On top of that, the game offers a lot of replayability because of… a little friendly rivalry! I played it for the first time while watching my friend Jimmi play it on Stream. Whenever he beat a room, I was already on beating his time and surviving longer than him. I loved it when he was shocked to see that I was already at 24 seconds in one of the rooms when he was stuck at 16. While he tried to beat my 24-second-record in said room, I was beating his other records. Eventually, he got better than me, but if I try very hard, I’ll manage to screw him over again, for sure! I love it. 

I feel like the goals of the rooms and the Metroidvania-ish aspects of it (solving puzzles and problems with abilities that you unlock later into the game) really make this game special and a ton of fun, especially since these aspects are paired with tons of achievements, collectables, and the friendly rivalry integrated through your Steam friend list.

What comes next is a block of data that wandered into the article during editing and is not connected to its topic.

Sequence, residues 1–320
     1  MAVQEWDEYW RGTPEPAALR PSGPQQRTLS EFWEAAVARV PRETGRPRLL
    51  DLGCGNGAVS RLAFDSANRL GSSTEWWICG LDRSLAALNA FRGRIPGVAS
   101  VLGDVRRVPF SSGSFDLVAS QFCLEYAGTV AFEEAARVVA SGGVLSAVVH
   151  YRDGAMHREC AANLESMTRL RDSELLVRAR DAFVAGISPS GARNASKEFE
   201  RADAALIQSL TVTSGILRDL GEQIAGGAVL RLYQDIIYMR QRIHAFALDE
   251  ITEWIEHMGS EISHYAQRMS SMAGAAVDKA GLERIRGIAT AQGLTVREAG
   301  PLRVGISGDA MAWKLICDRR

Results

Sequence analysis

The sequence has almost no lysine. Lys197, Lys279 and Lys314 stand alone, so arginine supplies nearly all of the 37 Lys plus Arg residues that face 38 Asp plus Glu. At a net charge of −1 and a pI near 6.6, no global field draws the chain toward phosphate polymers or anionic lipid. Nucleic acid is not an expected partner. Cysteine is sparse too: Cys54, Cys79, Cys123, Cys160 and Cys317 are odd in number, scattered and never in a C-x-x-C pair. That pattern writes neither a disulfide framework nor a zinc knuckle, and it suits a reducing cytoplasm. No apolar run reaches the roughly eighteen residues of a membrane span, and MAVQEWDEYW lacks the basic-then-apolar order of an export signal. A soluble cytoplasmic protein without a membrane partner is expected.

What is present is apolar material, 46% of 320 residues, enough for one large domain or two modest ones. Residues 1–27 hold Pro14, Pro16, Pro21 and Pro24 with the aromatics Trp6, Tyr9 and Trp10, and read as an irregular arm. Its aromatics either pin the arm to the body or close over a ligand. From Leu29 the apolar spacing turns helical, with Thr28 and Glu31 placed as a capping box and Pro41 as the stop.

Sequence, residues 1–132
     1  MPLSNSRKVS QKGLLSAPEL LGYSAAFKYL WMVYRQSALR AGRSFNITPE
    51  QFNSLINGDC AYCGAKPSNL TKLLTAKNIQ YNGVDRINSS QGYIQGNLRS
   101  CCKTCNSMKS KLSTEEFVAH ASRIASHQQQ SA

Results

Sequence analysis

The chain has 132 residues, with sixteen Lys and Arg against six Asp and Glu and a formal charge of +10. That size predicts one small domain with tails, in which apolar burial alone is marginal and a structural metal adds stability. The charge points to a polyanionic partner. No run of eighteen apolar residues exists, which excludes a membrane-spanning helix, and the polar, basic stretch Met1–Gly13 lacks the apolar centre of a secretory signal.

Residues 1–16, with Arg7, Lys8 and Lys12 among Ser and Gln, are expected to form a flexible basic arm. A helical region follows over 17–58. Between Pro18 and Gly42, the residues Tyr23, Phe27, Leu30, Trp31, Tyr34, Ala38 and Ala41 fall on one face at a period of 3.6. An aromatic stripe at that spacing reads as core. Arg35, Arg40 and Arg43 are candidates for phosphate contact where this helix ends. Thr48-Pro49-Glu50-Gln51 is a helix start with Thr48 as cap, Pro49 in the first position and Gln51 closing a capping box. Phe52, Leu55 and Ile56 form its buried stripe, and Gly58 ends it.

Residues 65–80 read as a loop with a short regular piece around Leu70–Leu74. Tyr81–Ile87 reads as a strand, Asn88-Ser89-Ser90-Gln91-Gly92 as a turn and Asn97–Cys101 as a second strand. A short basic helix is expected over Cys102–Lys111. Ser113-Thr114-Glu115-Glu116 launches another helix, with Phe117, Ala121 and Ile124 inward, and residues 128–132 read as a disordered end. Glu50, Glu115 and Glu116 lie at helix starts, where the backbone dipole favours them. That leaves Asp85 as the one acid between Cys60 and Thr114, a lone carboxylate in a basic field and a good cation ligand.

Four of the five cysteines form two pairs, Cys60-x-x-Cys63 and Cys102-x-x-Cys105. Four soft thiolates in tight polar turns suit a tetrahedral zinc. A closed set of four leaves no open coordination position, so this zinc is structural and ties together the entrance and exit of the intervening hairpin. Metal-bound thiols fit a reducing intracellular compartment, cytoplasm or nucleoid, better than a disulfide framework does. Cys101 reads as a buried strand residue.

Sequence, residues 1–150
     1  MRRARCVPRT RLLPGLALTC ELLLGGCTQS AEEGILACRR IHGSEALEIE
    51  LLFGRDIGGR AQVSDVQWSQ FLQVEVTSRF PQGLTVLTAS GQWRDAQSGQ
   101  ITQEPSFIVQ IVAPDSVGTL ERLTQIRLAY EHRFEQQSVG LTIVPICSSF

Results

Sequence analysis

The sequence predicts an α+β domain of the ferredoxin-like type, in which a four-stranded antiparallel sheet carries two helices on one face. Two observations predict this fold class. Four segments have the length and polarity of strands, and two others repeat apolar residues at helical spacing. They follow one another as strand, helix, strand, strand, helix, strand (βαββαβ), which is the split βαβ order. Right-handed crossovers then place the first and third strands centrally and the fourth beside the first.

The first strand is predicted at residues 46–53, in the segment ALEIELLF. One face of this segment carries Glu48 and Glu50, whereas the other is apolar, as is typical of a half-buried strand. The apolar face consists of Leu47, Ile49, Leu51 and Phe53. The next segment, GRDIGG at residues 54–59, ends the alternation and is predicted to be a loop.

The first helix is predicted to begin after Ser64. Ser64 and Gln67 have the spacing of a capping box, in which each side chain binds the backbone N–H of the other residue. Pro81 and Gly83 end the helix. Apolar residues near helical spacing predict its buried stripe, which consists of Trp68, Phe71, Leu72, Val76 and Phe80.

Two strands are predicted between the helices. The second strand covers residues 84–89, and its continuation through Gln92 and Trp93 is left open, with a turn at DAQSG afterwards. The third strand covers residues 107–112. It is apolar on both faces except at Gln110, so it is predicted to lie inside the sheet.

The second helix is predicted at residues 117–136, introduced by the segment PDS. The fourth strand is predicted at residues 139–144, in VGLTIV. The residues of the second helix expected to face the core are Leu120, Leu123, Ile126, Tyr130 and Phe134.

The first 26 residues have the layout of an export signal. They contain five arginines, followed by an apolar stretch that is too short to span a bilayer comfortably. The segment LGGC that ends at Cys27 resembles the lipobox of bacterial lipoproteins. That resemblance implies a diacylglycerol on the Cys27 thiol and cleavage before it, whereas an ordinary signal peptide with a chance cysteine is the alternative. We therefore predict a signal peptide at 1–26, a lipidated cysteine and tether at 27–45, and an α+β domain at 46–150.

The art style is simple but the game really doesn’t need to be more detailed, to be honest. The animated cutscenes are cute and offer a bit of mystery about the game’s story while also providing you with some interesting comics here and there. In General, the game has this web-comic-vibe that I really fancy. 

On top of that, the soundtrack is awesome! It’s a real SpaceWave/SynthWave banger that I could listen to for ages. Good thing that you can buy the Soundtrack as well over here, featuring 53 tracks. It’s anthemic, adrenaline-inducing, and just great! Might become one of my favourites!